Search engine optimizers are always in the mindset that their competition is made up of rival websites and businesses who offer the same set of products and services that they do. As such, any top-rated SEO company often directs its SEO efforts towards defeating the competition by launching campaigns and strategies that will keep their clients ahead in the SERPs (Search Engine Result Page’s).
The problem is, a website’s competition is not limited to the companies, brands and individuals who are also sharing the same customer set. Sometimes Google itself is a prominent competition in the search results.
What’s The Problem
The bigger problem here is how to deal with the fact that even if you trumped your competition in the SERPs, Google is still keeping your site beneath the fold. There are some who don’t consider this as a very big problem; after all, there are also users who do not pay attention to the Adwords advertisements along the side and on the top of the page, and would rather begin their search in the organic results. This benign regard of the situation may have an adverse effect in the future though.
Consider the very first SERP for travel-related keyword searches, for example, “Las Vegas tours”.
Even below the fold, a very big portion of the SERP is still occupied by Google’s Travel Box and local listings. And if your site is not above the fold, only 20% of the searchers will scroll below. This becomes a disadvantage when the limited space pushes your website below the fold or to the second results page – because let’s face it, a large number of Internet users don’t bother going beyond the first SERP when searching for information online.
When this happens, there’s pretty much nothing much you can do about the paid advertisements Google boxes that appear in the SERPs. It’s also difficult to compete with major brands since they are considered authorities in your niche.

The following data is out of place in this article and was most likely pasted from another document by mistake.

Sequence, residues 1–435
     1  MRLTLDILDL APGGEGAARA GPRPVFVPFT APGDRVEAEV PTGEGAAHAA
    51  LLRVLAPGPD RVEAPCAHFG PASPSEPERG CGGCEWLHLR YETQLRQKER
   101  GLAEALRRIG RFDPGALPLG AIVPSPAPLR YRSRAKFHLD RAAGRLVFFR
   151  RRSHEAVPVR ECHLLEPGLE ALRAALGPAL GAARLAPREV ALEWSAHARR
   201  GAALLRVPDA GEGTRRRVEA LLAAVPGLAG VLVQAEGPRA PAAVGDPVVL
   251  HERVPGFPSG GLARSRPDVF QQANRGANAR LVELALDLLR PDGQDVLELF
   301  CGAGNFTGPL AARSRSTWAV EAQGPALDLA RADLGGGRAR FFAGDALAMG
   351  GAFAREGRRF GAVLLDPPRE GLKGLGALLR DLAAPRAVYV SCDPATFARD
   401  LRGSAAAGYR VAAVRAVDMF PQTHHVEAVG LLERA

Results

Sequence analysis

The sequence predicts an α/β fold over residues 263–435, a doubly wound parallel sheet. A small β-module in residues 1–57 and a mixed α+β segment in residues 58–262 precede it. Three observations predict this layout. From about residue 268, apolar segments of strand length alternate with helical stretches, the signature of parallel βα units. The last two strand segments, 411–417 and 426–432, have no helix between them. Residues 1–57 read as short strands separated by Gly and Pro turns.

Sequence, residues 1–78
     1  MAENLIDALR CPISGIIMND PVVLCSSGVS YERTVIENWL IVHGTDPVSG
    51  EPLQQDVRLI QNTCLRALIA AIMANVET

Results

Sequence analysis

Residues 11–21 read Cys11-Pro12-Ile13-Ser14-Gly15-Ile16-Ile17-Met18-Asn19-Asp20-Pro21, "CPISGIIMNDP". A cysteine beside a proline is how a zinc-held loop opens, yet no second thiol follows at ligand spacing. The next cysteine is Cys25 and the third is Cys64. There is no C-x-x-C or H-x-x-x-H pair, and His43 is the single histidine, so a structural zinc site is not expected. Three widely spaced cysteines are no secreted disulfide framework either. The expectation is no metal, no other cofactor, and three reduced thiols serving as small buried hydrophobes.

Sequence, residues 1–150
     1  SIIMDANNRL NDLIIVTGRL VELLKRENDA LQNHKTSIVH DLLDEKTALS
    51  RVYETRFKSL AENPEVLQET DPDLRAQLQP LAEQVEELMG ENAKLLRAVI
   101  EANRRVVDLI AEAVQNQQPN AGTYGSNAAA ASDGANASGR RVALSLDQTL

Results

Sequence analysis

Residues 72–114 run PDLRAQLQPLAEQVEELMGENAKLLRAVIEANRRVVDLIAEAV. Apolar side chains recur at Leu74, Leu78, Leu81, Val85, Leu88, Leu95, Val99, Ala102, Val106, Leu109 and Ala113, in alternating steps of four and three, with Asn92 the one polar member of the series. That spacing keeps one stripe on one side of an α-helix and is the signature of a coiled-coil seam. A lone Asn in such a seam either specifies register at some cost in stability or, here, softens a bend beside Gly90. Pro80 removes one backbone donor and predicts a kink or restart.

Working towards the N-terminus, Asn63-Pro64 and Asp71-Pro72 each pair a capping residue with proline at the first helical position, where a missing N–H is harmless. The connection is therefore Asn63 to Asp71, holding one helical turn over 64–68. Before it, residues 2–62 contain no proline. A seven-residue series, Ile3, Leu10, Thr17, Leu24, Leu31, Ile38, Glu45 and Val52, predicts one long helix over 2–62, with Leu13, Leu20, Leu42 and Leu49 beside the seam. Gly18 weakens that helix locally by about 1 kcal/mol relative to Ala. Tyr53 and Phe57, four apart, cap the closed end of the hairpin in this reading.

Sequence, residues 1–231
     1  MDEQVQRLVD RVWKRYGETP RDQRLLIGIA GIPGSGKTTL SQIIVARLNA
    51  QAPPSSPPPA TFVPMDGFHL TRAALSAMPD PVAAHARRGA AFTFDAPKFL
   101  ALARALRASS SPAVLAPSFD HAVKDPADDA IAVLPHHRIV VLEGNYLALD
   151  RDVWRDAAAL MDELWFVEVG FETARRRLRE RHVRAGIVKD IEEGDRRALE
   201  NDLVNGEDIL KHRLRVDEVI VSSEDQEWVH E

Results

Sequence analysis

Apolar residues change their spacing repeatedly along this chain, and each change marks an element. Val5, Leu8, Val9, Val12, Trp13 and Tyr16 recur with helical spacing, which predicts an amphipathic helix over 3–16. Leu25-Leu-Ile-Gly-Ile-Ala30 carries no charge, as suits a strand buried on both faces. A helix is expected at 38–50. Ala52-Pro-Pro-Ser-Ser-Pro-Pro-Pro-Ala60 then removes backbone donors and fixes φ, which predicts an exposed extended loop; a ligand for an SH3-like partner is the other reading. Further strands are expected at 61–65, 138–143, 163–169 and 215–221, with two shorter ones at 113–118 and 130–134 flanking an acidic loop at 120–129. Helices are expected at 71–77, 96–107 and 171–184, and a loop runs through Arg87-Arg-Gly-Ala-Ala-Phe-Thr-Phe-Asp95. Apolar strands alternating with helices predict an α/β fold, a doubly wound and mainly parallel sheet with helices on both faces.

What You Can Do To Rank In SERPs
What you can do is concentrate on keeping your SEO efforts consistent in pushing your website forward (and make sure all the other factors meet Google’s ranking criteria, such as link profile and content quality). One thing you have to closely monitor is the keyword you’re trying to rank in. Consider three important things:
1. How Users Use Your Keyword In Searches
You need to be working on keywords that are commonly used by users on search engines and not just the ones that accurately describe your product or services. The point of ranking for a keyword, after all, is to appear on the SERPs when users are looking for results on certain keywords—and if you fail to get hits on those keywords and put more effort instead on the least-used ones, your SEO efforts will be in vain.
2. How Google Treats The Keywords Your Website Aims To Rank In
Sometimes Google automatically corrects the keyword searches (i.e. generating results for plural forms, similar-sounding words, synonyms, and words that it assumes to be the correct spelling of the original keyword search). You’ll find that in most cases, the simple addition of an “s” will alter the search results entirely. This can also mean the difference between being seen and not being seen in the SERPs!
3. How Google Treats City/Town Specific Keywords
Often when the name of a city or town figures in your keyword, you will have to face competition from Google local searches. In such a scenario it’s a good idea to adopt a two-pronged approach:
- Focus on alternative long tail keywords that are not city/town specific
- Create your own places listing, work on your overall SEO and optimize your website for local keywords to boost its ranking in local searches.
Aiming high is good, but aiming too high could be foolishness. If Google is your competitor in SERPs, your best bet is to look for alternative strategies. Other than the ones listed above, you must also work towards improving your brand value and putting concentrated effort on different platforms for attracting traffic including, social networks, social sharing sites and Guest blogs on high authority niche sites.